Funding has just been granted for a project to prepare local businesses to supply services and materials to the OW energy sector.
This week, Rhode Island launched a programme of support for businesses in the state. Governor Gina M. Raimondo and the Rhode Island Department of Labor and Training (DLT) today announced the award of 12 new partnerships and $1.6 million in implementation grants to expand Real Jobs Rhode Island (Real Jobs RI). The 12 new grantees join Real Jobs RI's expansive network of strategic, employer-led, industry partnerships that develop customised workforce solutions to address the unique personnel challenges of Rhode Island's high-demand and high-wage industries and expand opportunities for Rhode Islanders.
Launched in 2015, the Real Jobs Rhode Island is a federally funded, competitive workforce and economic development grant programme and has trained over 6000 people to date. This new initiative will create a network of over 160 employers and projects throughout the state providing local people with employment and training opportunities in the energy, bioscience, finance and insurance, food processing and manufacturing, healthcare and information technology industries.
Ready 4 Offshore Wind
One of the projects granted funding was Ready 4 Offshore Wind (Ready 4 OSW), led by Business Network for Offshore Wind (BNOW), which will create opportunities for Rhode Island businesses to enter the offshore wind industry, a burgeoning industry in the state, through training and business services. Ready 4 OSW will educate businesses in the Rhode Island's offshore wind sector about the supply chain and the role of their business in project development through BNOW’s proprietary Foundation to Blade training.
Liz Burdock, CEO of BNOW says, “Our primary goal is to create an offshore wind supply chain comprised of local businesses and employing well-trained citizens,” she added. “We envision these strategic partnerships to act as an employer-driven entity that identifies training and workforce development needs as offshore wind projects move through the five phases of development. Our expected outcome is to increase competitiveness to support the continued cost reduction in offshore renewables, while simultaneously securing long-term economic benefits for the state of Rhode Island.”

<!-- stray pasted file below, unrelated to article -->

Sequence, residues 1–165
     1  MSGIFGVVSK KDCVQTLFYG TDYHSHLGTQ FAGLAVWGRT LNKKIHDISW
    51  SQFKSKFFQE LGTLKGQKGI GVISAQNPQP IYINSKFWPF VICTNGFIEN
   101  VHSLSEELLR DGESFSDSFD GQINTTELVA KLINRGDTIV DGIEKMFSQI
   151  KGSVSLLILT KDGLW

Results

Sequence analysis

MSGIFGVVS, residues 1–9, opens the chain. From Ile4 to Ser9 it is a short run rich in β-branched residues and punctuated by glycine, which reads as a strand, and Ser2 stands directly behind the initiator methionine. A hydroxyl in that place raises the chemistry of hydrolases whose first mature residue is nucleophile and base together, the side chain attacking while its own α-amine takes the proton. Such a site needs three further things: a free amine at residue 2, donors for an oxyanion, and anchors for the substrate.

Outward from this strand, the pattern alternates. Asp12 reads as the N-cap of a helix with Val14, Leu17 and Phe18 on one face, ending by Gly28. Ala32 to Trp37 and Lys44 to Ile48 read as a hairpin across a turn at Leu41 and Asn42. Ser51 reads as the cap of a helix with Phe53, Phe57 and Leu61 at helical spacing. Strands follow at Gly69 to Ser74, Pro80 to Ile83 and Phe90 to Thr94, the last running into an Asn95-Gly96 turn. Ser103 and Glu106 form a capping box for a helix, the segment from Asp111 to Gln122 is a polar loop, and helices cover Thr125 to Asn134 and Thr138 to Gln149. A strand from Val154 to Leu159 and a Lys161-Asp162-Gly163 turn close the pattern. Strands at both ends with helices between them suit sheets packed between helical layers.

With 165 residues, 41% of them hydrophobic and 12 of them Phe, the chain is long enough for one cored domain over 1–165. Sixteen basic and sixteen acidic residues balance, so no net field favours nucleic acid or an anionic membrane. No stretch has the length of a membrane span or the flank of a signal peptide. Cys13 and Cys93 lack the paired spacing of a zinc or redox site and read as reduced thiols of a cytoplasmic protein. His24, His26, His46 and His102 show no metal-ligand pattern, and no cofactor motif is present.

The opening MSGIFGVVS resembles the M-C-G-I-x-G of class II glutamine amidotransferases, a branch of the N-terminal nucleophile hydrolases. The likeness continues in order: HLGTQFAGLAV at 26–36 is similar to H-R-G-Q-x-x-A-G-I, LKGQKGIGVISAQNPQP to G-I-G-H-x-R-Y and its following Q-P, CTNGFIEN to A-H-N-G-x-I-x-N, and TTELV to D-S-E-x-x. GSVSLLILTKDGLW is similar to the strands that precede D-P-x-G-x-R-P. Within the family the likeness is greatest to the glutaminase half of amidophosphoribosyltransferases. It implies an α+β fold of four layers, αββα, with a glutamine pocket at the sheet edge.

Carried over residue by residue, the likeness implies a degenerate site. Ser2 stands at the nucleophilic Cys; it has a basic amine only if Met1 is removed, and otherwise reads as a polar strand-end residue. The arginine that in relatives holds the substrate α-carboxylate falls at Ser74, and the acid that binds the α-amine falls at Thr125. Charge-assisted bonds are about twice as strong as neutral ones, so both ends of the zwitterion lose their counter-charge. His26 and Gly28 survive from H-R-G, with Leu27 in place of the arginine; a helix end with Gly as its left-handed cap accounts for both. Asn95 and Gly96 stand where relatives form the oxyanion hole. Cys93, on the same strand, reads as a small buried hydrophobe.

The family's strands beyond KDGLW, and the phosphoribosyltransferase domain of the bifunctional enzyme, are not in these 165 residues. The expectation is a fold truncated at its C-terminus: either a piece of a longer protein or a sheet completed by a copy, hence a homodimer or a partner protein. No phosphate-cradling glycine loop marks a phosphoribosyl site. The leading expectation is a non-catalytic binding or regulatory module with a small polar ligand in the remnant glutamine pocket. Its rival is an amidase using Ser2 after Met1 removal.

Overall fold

Supply Chain Bottlenecks
This is an important step forward, looking to avoid the bottlenecks in the supply chain and prepare skilled personnel for employment within the expanding US Offshore Wind Market. Eoghan Quinn, Global Wind Lead, New Energy of consultants WorleyParsons, who are working with US OW companies says, “When you look at the emerging market of the US, the supply chain is the one thing that’s lacking. People are trying to find their role to play in making this market both viable and realistic. The last 12 months have been interesting because the US are certainly leveraging the European experience.”
Rhode Island has several wind energy projects in various stages of development, totalling 600MW capacity, and it is very good for the sector that the state government is being pro-active in addressing potential issues early on, rather than waiting for projects to reach an advanced stage before these issues are tackled.
All this and more will be discuss at the 4th Annual US Offshore Wind Conference, June 10-11, 2019 in Boston. Find out more here.